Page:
Bone broth or stock is made from simmering the skin, feet, and bones of animals to release beneficial nutrients. Bone broths are incredibly nutrient-dense, containing minerals such as phosphorus, calcium, magnesium, and silica, as well as many beneficial amino acids like glutamine, glycine, and proline. Broth also contains joint-protecting compounds such as collagen, glucosamine, and chondroitin sulfate. Broth is famous for its gut healing benefits, inflammation reduction, immune regulation, and benefits for the joints, skin, hair, and nails. Broth is the real reason why chicken soup is touted as such a cure-all.
You can make your own meat stock or bone broth at home or, for convenience, you can purchase bone broth powders. Bone broth you find in most stores doesn't have the same health benefits as homemade broth. Cheap manufacturers use “meat flavors” and bouillon and typically add MSG to their stocks to imitate traditional broth. Some of the benefits of bone broth can also be attained from collagen powders or gelatin.
The avocado is a unique fruit rich in healthy fats, fiber, fat-soluble vitamins, potassium, and magnesium. They have the highest protein content of any fruit as well as a high amount of soluble fiber, both of which help you feel full. They contain twice as much potassium as one banana. Avocados are also a great source of fat-soluble vitamins A, E, and K. Eating avocados regularly is associated with a healthy weight and blood sugar levels. The beneficial fats also provide improvements in skin, hair, and eyes.
This is a very easy superfood to add to your diet. Avocado pairs nicely with most meats, goes well on sandwiches and salads, and of course, there's always guacamole.
Ocean vegetation is typically more nutritious than land-based vegetation. Seaweeds are types of exible algae that are loaded with minerals such as calcium, manganese, magnesium, and iron, as well as vitamin B12. They are also the best source of iodine on the planet. Iodine has a wide variety of health benefits such as supporting proper metabolism, stimulating the immune system, and aiding in memory and mood.
Common seaweeds are nori, wakame, dulse, kombu, and arame. The most potent seaweeds are spirulina and chlorella which both boast an impressive number of health benefits. Both are very potent heavy metal detoxifiers, improve vascular health, and boost energy. They are also high in vitamin A, B1, B2, B3, B6, as well as iron and zinc.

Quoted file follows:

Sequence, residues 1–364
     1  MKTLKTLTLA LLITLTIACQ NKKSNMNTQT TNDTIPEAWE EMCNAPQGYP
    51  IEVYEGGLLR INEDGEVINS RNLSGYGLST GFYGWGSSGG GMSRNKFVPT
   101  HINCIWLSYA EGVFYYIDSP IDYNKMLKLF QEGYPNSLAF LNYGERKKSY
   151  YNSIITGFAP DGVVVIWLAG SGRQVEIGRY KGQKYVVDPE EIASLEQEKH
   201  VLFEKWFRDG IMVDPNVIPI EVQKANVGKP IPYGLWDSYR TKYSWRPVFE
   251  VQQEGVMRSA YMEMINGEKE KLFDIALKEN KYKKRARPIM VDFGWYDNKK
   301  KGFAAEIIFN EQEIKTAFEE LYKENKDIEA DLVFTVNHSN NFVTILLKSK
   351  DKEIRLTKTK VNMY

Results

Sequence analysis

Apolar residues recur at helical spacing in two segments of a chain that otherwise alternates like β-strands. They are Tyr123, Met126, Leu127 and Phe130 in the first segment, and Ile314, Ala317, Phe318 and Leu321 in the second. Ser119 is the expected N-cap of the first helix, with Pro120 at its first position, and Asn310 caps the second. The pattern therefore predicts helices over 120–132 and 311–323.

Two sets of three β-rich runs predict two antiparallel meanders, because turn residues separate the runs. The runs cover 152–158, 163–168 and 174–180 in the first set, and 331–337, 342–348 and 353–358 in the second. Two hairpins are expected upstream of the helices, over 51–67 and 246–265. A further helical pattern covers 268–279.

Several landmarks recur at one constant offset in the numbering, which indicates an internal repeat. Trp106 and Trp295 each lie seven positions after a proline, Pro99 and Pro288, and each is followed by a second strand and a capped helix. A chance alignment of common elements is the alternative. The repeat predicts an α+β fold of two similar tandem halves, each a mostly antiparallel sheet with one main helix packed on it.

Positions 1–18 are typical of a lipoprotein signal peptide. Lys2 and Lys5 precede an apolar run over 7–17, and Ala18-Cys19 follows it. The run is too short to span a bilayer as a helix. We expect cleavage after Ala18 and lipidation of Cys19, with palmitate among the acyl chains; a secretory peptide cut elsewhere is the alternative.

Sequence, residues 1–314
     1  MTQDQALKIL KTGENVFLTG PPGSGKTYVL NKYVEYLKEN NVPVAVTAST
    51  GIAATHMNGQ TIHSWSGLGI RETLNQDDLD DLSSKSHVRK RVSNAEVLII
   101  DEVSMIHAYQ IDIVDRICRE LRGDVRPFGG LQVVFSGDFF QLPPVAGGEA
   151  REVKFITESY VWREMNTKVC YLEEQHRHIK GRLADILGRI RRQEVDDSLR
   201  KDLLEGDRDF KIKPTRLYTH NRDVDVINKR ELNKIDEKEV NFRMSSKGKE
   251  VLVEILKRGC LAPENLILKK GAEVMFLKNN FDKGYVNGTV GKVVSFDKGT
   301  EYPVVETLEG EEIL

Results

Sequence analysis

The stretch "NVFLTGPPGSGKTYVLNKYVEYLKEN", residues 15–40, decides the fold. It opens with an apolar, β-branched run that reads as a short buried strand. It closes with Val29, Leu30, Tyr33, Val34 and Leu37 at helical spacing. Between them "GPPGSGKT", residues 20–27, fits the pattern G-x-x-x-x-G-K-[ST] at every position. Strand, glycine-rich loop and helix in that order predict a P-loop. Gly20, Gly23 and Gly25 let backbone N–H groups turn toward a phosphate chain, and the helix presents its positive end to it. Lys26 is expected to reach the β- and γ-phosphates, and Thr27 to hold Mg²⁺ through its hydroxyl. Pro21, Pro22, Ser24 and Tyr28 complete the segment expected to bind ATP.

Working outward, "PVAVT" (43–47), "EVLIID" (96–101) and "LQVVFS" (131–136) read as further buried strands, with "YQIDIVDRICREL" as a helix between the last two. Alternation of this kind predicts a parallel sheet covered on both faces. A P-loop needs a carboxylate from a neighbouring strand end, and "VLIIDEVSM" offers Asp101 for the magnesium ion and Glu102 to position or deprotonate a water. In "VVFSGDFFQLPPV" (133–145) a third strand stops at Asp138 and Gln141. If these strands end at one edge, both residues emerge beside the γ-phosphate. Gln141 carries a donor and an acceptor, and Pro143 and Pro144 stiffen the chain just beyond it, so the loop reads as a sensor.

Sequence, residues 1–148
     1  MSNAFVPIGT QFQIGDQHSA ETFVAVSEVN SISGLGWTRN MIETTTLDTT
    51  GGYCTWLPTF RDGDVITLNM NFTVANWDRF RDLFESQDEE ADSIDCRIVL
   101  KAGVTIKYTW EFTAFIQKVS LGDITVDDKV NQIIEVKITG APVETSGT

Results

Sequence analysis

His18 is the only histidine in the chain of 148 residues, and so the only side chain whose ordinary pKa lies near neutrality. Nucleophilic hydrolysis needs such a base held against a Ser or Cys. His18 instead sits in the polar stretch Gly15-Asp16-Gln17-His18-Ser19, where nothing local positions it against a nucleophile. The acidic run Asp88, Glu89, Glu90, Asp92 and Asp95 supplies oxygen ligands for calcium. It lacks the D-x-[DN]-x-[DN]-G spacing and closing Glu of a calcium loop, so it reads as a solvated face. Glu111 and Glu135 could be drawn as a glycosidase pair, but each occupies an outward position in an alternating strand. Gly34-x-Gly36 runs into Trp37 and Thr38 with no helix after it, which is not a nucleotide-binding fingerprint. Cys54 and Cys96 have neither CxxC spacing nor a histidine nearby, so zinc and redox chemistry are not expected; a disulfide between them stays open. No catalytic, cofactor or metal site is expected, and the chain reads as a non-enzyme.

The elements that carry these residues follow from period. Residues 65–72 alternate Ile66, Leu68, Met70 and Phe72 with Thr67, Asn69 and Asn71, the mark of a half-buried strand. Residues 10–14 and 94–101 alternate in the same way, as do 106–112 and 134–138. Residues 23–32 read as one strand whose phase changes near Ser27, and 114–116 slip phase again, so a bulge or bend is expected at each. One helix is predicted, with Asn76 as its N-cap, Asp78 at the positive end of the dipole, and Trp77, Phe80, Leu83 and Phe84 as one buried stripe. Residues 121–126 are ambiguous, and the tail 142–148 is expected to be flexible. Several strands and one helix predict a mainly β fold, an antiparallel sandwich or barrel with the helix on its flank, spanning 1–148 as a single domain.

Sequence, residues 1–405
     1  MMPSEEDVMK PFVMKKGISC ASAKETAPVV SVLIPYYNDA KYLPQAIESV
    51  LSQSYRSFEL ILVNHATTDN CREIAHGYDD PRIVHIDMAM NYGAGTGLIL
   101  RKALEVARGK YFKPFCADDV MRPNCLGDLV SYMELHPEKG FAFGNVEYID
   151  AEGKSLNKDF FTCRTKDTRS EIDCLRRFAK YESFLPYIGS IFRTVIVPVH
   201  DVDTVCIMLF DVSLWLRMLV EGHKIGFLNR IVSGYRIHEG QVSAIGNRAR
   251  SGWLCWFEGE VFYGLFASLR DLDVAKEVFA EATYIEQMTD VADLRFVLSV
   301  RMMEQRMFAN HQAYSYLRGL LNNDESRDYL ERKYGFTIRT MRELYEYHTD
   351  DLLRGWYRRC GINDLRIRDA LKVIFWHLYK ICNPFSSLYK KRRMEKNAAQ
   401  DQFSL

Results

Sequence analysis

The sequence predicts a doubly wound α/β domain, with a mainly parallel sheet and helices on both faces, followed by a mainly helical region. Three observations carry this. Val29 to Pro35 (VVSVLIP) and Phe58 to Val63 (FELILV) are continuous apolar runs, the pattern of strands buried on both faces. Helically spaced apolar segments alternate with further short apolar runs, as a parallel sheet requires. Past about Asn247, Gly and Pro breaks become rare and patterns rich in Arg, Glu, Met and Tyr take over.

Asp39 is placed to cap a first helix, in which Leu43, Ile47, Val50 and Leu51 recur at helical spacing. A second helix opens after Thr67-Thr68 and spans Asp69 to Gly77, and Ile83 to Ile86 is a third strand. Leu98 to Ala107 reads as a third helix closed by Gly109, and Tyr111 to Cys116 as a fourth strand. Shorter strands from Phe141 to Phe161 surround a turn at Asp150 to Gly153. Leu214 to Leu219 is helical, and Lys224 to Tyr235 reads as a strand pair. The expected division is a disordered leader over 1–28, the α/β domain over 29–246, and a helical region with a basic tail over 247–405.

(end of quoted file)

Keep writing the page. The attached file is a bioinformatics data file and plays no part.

Most seaweeds are available dried, and some are available in supplement form.
Cacao and Dark Chocolate
Dark chocolate boasts an impressive mineral content, but it's real power comes from a surprisingly high amount of antioxidants. Cocoa has even more antioxidants than red wine or tea, particularly flavanols. Cocoa flavanols are shown to boost brain health by promoting blood flow. The polyphenols in dark chocolate have a beneficial effect on cholesterol levels, blood pressure, and blood sugar.
These benefits are only found in cacao products and dark chocolate with a cacao content of 70% or more. The higher the cacao content, the more potent the health benefits. Milk chocolate has been processed through roasting, alkalizing, and adding milk and sugar. This process destroys the beneficial antioxidants, leaving the final product with little to no positive health effects at all.
Wild foods always contain more nutrients than their domesticated counterparts, and weeds are the perfect example. Weeds are the king of all plant food and easily put plants like spinach and kale to shame. You might have some nutritional powerhouses growing in your backyard right now. Dandelion is the most popular and most recognizable. It contains high levels of vitamin A, antioxidants, and is the best plant source of vitamin K. Dandelion also boasts excellent levels of magnesium, calcium, potassium, and iron.
Purslane, another common backyard weed, is the best plant source of Omega-3 fatty acids. It has six times the vitamin E of spinach and contains possibly the highest beta-carotene levels of any plant.
Lamb's quarter looks somewhat like spinach, but is much more nutritious. It is an excellent source of calcium, beta-carotene, and vitamin C.
The best part of eating weeds is that they're completely free. Try them raw in salads, blended into a pesto, or sauteed with butter.
Mushrooms are very unique among superfoods. Although most varieties possess a healthy dose of B vitamins, vitamin D (if left in the sun), copper, selenium, and potassium, their real health benefits come from other unique compounds. Mushrooms are being widely praised for their anti-cancer properties. They also contain compounds that allow them to fight many types of viruses and bacteria. Because of their high levels of B vitamins, mushrooms can also improve metabolism and combat fatigue, which makes them very beneficial for weight loss.
Some of the more potent mushrooms are reishi, shiitake, cordyceps, and maitake. These mushrooms are more concentrated in disease-fighting compounds and antioxidants and are believed to increase longevity. Reishi and cordyceps are considered to be adaptogenic, which means they boost energy and performance by lowering stress hormones.
Common mushrooms such as crimini, portabello, and shiitake mushrooms can be found in grocery stores to be used in cooking. Reishi and cordyceps can be found in supplement form.